As we barreled down the narrow logging trail through tree branches and sloshed in and out of mud holes in our big green van, we finally saw it. The tall grey spire peaked out above the high grass in a sun-lit clearing. According to Mr. Henry Bryant who led us through the woods to the little cemetery, it was the grave of a “General.” Mr. Bryant had remembered the gravestone in the woods since he was a little boy. The stone did not mark the grave of a general, but the grave of a captain who served in the War of 1812. The man was Capt. Jacob Guice, my great-great-great grandfather.
This was a particularly special find for me. Jacob Guice was from my mother’s side of the family. She had always felt somewhat disconnected from her Guice family because her father, C.L. Guice had died when she was seven and her grandfather Guice had died before her parents were married. She had vague knowledge of the name of her great grandfather Guice, but that is as far back in her family tree as she knew. I began researching for her and I not only found more facts about Jacob Guice and generations before him, but I found out where he was buried — the Guice Cemetery in McNair, Mississippi not far from Natchez.
Shortly after this discovery my husband and I drove to McNair on our way home from a trip. McNair is a quaint little community of a crossroad, a store, a couple of churches and a few homes. Once there we found a church cemetery and a community cemetery, but neither fit the description of the Guice cemetery which we were trying to find. We stopped at the little store and asked the clerk if she knew of another cemetery in the area. She didn’t know of one, but she said if anybody would know it would be Henry Bryant, a lifelong resident of McNair. We soon found Mr. Bryant and after telling him my story and what I wanted to find, he said he would be glad to show me where the cemetery was. All we needed to do was follow him. Okay.
We followed his Jeep down a small paved road, then turned onto a gravel road and continued to follow him for a mile or so. We then veered onto a smaller gravel road until this “road” turned into a trail. Mr. Bryant’s jeep hadn’t slowed down a bit. He kept going farther. The trail got narrower and muddier. The branches of the small trees raked down the sides of our van and the mud holes got bigger and deeper. I can be adventurous, but by now I was having second thoughts! Where was he taking us?
Then we saw something up ahead in a clearing . A tall spire was the first thing we saw of the cemetery. I was so excited to see it — especially after that harrowing experience! As we got closer, I could see other smaller gravestones that made up the little Guice cemetery in the woods. Mr. Bryant was so proud to be able to show us this treasure.
He pulled back the tall grass and showed me the inscription on the spire and the star at the bottom. I told him the story about my great-great-great grandfather, Captain (not General) Jacob Guice, and how he had led a company of Mississippi militia to Baton Rouge during the War of 1812. Mr. Bryant’s confusion about his rank was because of the star that had been placed on the base of the grave’s spire commemorating Capt. Guice’s service in the war. It read, “General Society of the War of 1812, War of 1812 Veteran.” When Mr. Bryant was a boy hunting in these woods, he thought the “general” on the star denoted a general’s grave. The memorial spire not only had the inscription of Jacob Guice, but also the inscription for his wife, Susanna.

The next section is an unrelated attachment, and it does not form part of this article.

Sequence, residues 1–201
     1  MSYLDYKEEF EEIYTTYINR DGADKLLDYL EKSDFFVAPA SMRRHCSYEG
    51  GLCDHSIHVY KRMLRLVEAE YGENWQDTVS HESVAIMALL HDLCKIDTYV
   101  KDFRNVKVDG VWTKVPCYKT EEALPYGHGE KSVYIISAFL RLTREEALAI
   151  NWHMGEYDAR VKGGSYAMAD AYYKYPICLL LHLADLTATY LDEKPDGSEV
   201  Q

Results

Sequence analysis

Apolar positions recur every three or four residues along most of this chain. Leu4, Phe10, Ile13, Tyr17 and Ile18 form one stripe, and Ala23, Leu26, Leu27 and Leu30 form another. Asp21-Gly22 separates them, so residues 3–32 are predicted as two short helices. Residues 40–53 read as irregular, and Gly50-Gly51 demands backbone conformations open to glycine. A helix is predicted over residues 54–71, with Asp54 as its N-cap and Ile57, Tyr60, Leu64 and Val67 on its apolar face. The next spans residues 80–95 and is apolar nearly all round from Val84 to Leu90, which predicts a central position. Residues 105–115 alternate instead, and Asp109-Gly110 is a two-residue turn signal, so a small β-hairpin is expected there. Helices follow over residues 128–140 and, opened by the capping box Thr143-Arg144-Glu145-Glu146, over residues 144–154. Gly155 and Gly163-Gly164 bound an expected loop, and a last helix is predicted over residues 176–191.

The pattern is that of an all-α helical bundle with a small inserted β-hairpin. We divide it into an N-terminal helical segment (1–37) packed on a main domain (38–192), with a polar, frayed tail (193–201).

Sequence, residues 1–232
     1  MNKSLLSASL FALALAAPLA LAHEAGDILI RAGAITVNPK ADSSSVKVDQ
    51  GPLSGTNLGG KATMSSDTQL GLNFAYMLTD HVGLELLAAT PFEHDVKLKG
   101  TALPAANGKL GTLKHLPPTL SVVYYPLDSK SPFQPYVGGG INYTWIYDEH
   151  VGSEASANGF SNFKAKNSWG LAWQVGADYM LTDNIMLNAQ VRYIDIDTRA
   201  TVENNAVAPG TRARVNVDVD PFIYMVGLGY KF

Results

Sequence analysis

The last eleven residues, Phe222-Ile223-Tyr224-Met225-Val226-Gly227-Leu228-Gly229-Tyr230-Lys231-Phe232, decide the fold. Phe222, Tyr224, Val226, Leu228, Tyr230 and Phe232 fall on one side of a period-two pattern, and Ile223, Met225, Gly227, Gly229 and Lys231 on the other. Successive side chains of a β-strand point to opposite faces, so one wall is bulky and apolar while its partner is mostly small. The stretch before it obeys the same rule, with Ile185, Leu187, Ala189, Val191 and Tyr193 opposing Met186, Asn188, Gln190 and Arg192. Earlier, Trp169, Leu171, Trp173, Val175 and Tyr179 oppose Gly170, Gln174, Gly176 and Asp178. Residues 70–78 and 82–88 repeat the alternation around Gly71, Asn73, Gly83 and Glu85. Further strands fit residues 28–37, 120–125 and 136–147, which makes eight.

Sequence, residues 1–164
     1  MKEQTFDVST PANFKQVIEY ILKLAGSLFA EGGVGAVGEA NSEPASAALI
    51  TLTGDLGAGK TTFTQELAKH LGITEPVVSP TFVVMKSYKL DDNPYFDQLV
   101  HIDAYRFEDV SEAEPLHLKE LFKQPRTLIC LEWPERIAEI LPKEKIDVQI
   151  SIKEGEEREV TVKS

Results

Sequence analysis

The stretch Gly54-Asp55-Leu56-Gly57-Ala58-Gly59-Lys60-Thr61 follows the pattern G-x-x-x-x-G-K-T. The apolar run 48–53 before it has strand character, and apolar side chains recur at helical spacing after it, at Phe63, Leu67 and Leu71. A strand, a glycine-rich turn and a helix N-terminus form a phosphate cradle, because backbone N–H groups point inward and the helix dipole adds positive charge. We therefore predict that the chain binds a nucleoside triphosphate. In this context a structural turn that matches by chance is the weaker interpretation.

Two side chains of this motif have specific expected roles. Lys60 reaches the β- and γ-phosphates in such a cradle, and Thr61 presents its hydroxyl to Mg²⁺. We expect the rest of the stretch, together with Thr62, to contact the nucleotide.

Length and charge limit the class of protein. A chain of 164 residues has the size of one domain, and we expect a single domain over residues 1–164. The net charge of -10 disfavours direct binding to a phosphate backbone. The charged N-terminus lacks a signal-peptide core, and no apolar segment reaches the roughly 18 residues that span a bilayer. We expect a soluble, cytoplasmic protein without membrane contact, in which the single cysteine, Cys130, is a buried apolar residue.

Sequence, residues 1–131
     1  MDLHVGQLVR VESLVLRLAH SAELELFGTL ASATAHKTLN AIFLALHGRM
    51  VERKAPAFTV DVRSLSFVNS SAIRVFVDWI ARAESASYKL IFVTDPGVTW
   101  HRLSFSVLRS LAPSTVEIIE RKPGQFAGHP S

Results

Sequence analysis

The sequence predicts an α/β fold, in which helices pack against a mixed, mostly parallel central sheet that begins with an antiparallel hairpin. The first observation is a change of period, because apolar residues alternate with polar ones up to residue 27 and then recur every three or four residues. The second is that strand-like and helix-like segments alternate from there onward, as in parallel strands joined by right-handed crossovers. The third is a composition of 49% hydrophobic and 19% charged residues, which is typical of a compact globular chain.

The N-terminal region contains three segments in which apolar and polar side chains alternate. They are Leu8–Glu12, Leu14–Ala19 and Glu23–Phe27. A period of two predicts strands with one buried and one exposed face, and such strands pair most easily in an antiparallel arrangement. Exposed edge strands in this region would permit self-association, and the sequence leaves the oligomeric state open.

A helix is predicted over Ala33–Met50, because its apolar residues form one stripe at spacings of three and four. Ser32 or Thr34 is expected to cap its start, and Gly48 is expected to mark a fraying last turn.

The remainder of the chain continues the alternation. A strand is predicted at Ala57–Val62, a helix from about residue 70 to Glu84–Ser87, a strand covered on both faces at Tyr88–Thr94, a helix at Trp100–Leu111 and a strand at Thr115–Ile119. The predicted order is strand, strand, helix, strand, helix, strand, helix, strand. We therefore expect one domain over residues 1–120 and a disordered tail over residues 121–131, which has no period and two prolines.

I also told him that Jacob’s father and the Guice clan had traveled down the Natchez Trace from Nashborough (Nashville, TN) to become some of the early settlers in the Natchez area following the Revolutionary War. Jacob’s father Jonathan and the family’s next two generations would become established in the area as cotton planters.
Mr. Bryant then lead us over to where the old Guice house had been located. He said the remains of the old home were still there when he was a little boy. I couldn’t wait to tell my mother what I had found so that she could come to see it. Mr. Bryant told me to let him know when we would be back and he would clean up the little cemetery so we wouldn’t have to wade through the tall grass. It wasn’t very long before we were back up there with my mother. And true to his word, Mr. Bryant had mowed the entire cemetery! My mother was so thrilled to finally see where her family had once lived and to see the graves of her Guice grandfather.
I often wonder that if I had waited too many more years before searching for this gravesite, I may never have found it. No one seemed to know it existed except Mr. Henry Bryant. Thank you Mr. Bryant for not only your knowledge, but your hospitality and generosity in helping us connect with a valuable piece of family history.
After this visit, my mother was able to connect with other Guices in the area and even attended a Guice family reunion before she passed away a couple of years later. I was so glad to be able to help her find the connection she had always longed for.
Jacob Guice is the grandson of Frederick Stump who is the subject of three posts on this blog site: “Savagery in the Susquehanna,” “*a footnote to Savagery in the Susquehanna,” and “Fugitive, Fighter, and Founder.” Jacob’s son is Elbert Guice who is remembered in the post: “A Pile of Cotton and A Lighted Pine Knot.” Jacob’s great grandson is my mother’s father and is featured in the post: “Poor boy, he had just got ready to live.” All of these posts are located in the category “Branch: Guice”.